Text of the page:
Back in 2013 Eska Mtungwazi had just finished pouring 15 years of musical experience into her debut solo album, when she discovered she was pregnant.

It was a shock for the first-generation Zimbabwean who thought she couldn't have children and even more so when her baby arrived prematurely after just 26 weeks.

Today as we chat about her record ESKA being nominated for a Mercury and her upcoming headline show in Islington I can hear her daughter Wonder playing happily in the background.

"It’s funny," laughs the Peckham Rye singer, "you shape life as it comes to you. I’m just trying to embrace what comes to me on a daily basis and enjoy it."

Eska celebrated her Mercury news, which has saw her Spotfiy plays go up by 3,000 per cent in three days, by 'changing a nappy and going for a walk in the park' and says: "I think there’s a really wonderful sobriety that comes with being a parent, it grounds you.

"She is the benchmark for me now, her success is the mark of my success. My work is getting a lot of attention and that is great and I’m thankful for it but that isn’t the real world."

Brought to London from Zimbawe as a toddler Eska grew up listening to her dad's eclectic vinyl collection with her brother and sister.

"It could be jazz one minute, funk the next and then something poptastic. He really opened our ears and hearts to music being good or bad and not genre driven.

"And that was echoed at Prendergast School in south London by a wonderful woman called Barbara Karelis. I was very fortunate that my music education reinforced this idea of music without borders and not to be beholden by culture or anything else."

The 44-year-old began writing songs aged 12 and they were performed at her local church and she earned a scholarship to the Conservatoire.

"It was always exciting to see my song come to life with someone else’s voice, " explains Eska who went on to spend 15 'glorious years' collaborating with artists such as Grace Jones, Nitin Sawhney, Bobby McFerrin and Courtney Pine.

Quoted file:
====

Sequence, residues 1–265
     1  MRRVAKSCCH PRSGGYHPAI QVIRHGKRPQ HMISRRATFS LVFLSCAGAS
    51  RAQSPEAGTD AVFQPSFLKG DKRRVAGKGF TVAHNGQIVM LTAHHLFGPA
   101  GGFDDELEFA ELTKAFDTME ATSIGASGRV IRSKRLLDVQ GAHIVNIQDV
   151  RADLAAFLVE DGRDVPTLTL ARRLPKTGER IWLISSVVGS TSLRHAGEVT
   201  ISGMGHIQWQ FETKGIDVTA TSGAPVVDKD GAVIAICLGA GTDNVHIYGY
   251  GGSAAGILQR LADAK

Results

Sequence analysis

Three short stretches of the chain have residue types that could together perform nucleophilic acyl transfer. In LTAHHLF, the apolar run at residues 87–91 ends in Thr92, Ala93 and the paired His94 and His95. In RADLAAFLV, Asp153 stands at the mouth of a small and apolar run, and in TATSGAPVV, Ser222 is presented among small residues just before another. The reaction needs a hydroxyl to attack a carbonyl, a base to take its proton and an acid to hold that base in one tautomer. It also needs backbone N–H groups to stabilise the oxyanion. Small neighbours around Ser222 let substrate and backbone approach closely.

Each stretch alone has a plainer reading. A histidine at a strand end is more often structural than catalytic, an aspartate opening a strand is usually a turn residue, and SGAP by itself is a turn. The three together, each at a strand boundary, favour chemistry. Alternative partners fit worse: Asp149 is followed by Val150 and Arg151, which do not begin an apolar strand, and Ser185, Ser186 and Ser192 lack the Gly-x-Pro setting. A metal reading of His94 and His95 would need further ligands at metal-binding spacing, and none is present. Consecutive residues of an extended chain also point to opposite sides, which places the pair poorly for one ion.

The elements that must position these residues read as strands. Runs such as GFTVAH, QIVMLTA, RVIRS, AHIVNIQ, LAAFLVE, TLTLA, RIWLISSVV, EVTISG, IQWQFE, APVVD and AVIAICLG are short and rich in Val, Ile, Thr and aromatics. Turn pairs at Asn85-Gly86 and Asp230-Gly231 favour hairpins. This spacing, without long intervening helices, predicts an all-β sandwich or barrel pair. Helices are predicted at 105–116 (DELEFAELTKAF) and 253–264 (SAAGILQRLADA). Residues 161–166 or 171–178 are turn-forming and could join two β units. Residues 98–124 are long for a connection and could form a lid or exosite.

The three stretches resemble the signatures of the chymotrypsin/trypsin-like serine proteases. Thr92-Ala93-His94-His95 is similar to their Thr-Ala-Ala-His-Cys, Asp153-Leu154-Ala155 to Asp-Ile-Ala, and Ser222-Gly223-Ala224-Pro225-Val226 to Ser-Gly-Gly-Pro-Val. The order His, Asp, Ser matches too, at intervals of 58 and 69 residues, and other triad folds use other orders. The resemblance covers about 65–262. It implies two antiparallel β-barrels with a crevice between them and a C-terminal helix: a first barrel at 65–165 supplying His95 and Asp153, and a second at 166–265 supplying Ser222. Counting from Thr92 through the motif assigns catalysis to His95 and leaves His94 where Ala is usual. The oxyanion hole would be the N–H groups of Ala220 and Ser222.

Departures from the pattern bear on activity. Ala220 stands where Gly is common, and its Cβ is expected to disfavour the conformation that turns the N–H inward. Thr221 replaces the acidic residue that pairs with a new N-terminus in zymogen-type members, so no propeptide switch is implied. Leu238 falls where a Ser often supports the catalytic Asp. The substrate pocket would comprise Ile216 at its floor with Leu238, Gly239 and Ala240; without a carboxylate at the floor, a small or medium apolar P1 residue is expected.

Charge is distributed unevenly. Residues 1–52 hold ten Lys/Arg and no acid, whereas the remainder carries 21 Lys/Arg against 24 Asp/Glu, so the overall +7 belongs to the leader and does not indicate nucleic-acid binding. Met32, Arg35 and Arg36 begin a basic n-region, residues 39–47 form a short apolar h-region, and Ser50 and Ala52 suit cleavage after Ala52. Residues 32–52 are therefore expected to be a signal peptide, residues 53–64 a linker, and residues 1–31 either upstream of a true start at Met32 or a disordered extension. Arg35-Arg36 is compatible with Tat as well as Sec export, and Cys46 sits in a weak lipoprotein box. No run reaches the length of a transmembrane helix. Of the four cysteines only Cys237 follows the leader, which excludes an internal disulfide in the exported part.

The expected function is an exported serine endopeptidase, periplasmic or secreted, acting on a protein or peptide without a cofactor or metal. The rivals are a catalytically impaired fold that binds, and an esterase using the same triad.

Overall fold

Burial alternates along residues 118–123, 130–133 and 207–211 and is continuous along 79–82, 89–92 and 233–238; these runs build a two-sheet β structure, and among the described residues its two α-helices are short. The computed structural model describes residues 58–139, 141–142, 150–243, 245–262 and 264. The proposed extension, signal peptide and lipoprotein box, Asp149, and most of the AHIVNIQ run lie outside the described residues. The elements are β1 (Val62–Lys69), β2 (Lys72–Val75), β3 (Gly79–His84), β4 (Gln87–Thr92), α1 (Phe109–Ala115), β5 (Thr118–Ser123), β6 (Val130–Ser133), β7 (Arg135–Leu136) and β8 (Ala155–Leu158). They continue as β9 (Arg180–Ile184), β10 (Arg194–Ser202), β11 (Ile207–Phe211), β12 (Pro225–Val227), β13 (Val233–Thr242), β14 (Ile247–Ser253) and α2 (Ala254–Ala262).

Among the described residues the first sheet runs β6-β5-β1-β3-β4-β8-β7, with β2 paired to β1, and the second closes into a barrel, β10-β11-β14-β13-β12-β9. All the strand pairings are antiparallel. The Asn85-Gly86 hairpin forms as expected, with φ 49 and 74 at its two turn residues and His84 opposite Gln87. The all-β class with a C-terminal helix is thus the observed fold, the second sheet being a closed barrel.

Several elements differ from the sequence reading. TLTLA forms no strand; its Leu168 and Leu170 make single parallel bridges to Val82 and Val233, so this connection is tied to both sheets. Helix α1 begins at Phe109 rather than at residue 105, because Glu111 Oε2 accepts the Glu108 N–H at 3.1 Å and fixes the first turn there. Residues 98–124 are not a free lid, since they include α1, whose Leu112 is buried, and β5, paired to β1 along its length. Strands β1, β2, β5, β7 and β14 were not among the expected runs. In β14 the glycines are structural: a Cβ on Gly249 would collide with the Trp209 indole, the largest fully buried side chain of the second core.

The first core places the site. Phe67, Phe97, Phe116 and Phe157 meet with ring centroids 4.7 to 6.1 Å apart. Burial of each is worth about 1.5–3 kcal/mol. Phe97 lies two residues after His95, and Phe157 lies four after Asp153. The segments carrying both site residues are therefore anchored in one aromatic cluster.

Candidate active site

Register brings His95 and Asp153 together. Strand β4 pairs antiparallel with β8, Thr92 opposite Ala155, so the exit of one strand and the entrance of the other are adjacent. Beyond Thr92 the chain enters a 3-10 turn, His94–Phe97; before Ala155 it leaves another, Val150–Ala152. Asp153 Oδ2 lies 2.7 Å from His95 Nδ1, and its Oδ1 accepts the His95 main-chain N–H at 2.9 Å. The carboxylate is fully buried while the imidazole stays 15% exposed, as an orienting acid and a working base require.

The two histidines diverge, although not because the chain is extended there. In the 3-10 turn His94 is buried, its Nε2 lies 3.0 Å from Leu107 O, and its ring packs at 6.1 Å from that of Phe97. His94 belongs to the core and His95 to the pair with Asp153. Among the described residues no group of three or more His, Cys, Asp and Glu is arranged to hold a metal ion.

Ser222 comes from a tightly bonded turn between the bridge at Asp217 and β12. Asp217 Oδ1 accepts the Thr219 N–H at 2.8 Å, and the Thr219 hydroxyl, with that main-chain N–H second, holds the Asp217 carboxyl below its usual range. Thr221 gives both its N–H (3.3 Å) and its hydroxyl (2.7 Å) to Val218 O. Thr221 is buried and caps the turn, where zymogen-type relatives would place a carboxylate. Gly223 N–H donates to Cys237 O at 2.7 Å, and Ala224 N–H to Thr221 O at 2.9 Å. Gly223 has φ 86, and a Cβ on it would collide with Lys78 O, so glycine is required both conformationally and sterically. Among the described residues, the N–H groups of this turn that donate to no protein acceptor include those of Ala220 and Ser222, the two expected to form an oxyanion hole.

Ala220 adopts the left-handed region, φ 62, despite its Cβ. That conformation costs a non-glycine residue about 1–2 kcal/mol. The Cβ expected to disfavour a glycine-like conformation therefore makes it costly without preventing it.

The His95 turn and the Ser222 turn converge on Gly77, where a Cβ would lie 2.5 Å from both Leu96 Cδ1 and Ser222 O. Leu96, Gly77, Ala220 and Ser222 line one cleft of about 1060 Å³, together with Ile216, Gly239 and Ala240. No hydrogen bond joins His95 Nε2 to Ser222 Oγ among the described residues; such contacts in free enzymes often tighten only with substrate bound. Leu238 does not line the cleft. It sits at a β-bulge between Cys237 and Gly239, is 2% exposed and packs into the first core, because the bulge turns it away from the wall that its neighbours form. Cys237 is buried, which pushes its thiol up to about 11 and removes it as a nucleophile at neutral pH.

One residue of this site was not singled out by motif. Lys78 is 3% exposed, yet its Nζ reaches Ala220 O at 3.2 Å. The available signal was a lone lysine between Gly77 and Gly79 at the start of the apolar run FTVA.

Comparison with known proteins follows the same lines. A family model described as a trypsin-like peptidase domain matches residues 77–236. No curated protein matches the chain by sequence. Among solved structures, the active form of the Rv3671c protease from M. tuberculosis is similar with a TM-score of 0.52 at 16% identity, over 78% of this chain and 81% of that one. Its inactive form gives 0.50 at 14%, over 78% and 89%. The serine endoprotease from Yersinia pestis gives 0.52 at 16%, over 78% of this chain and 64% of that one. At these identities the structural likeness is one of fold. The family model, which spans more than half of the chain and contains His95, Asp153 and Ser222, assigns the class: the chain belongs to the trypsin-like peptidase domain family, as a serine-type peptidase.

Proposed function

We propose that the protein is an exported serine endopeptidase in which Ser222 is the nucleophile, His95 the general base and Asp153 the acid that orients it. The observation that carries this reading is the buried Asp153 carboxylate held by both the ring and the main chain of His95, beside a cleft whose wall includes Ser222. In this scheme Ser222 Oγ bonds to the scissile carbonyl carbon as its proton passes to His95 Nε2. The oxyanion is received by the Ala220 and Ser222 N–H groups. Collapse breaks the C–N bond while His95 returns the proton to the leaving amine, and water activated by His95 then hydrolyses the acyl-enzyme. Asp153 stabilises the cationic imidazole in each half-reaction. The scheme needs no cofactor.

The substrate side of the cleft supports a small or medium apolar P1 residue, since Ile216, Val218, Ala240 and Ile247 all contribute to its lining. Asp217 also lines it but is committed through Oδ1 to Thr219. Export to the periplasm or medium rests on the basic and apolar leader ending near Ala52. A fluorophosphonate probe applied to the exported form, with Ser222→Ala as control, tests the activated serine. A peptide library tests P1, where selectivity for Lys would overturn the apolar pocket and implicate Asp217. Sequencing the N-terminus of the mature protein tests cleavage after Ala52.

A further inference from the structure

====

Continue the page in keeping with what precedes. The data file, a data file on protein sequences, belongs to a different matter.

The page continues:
In 2007 she finally felt it was time to begin spreading her wings and so formed a band and started gigging in London and landed herself on 'hotly tipped' list.

"But I felt nowhere near ready to do a record, " she explains, "I didn’t know who I was and was still searching. It has been a long road and has taken time to find my feet."

She decided the only way to find her voice was to stop collaborating so she found work as a teacher in South London, set up label Earthling Records from her kitchen and released EP Gatekeeper in 2013.

"It was really difficult to know how to present myself as a new artist as I had been collaborating for 15 years. I felt there would be an assumption that ‘ESKA must make this kind of music as she has collaborated with these kinds of people’ and I was concerned in the way the album would be overshadowed by my previously collaborations."

She invested £20,000 of her own money into the album which features pieces of all the eclectic music she grew up with.

"To make it authentic and literally bring it to life and that was really important to me. I was inspired by listening to great records of the 60s and 70s and the way people were recording everything all at the same time in the live room, so we did that as well and recorded in real time and kept just the best take instead of chopping it and splicing and taking all the humanity out of it. We tried to keep it as organic as possible."

The north London studio where it was recorded, Fish Factory in Dollis Hill, also played an important role.

"It is a musician’s paradise with so many instruments, keyboards, vibraphone, it’s a grotto of analogue gear. And that was probably just as influential on the sound of the record.

"I didn’t set out thinking I needed vibraphone on it,” she laughs, “but it was just sat there in the corner so I had to play it."

Eska had planned to release it last September but then Wonder arrived and she spent months by her hosptial bedside willing her to live.

"It’s definitely been the toughest year of my life without a doubt in terms of my sanity being touched. I was really on the edge, hoping and praying every day for this human being to survive."

Thankfully Wonder pulled through and Eska teamed up with Simon Drake from Naim Label to release the album and has been taking her daughter out on tour across Europe and the UK, arriving in Islington this month.

"For me it feels like a homecoming celebration of an incredible year, " says Eska who is also writing material for Grace Jones' new album.

She adds: "I took my time and probably out stayed my welcome with the whole collaboration thing but better late than never, although I don’t feel it’s late, somehow it feels quite right.

"I’m here today with my daughter and it feels right for the person I am and the artist I am.

"It’s not really about the music or sound that I have found, it’s that I have found my authentic self."

Islington Assembly Hall, Upper Street, Islington, Friday, November 27, 7pm. Details: